Monsanto was ordered to pay $857 million for toxic PCB exposure


Monsanto was ordered Monday to pay $857 million to a group of seven former students and parent volunteers at a Washington state school who claimed the company’s chemicals made them sick.

The verdict, which was reported by Bloomberg, AFP, Reuters and other news outlets, comes as Monsanto faces thousands of lawsuits over its weed-killing chemical Roundup. Last month the company was ordered to pay $332 million to a man who said Roundup caused his cancer.

In the latest case, the former students and parent volunteers claimed that exposure to Monsanto’s polychlorinated biphenyls, or PCBs, from fluorescent lights caused a wide range of health problems, including brain damage and autoimmune disorders. PCBs, which were banned from production in 1979 due to their toxicity, were often used in caulking, light fixtures and other parts of buildings from the 1950s to the 1970s, according to Massachusetts’ Bureau of Climate and Environmental Health.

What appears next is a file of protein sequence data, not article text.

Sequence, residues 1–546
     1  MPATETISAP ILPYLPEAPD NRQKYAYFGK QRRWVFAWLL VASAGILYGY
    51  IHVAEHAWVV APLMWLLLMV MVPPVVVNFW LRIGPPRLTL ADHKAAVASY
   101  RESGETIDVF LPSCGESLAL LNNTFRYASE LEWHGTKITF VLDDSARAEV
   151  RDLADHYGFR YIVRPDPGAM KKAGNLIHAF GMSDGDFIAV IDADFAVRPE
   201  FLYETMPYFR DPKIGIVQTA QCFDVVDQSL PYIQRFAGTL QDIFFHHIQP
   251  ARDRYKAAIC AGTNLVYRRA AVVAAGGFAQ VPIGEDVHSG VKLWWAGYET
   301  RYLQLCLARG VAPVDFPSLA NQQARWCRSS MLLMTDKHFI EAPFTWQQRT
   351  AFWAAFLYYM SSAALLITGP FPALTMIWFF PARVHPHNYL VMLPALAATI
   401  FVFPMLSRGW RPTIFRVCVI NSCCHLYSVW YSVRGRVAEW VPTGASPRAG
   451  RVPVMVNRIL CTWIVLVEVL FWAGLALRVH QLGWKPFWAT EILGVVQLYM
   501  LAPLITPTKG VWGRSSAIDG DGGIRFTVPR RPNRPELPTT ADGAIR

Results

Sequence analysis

A lawyer for the plaintiffs, Henry Jones, told CBS News: “Nobody who heard this evidence would ever trade places with any of these people in exchange for all the money the jury awarded.”

The jury ordered the company to pay a total of $73 million in compensatory damages and $784 million in punitive damages to the five former students and two parent volunteers at the Sky Valley Education Center, located north of Seattle, according to AFP.

In a statement to CBS MoneyWatch, Monsanto said it disagreed with the ruling and plans to appeal “to reduce the constitutionally excessive damages awarded.”

“The objective evidence in this case, including blood, air and other tests, shows that plaintiffs were not exposed to unsafe levels of PCBs and PCBs could not have caused their alleged injuries,” said a spokesman for Monsanto in an emailed statement.

The company, now owned by German pharmaceutical giant Bayer, noted that it recently won a personal injury lawsuit in Illinois with similar claims.

Still, Monsanto faces additional lawsuits over PCBs, including one from the state of Vermont which alleged that the chemical company knew its PCB formulations were toxic and could cause harm to humans.

Vermont’s Burlington School District have also sued Monsanto over PCBs, claiming the company should pay for the construction of a new high school after it had to abandon the city’s high school because of PCB levels that exceeded state limits.


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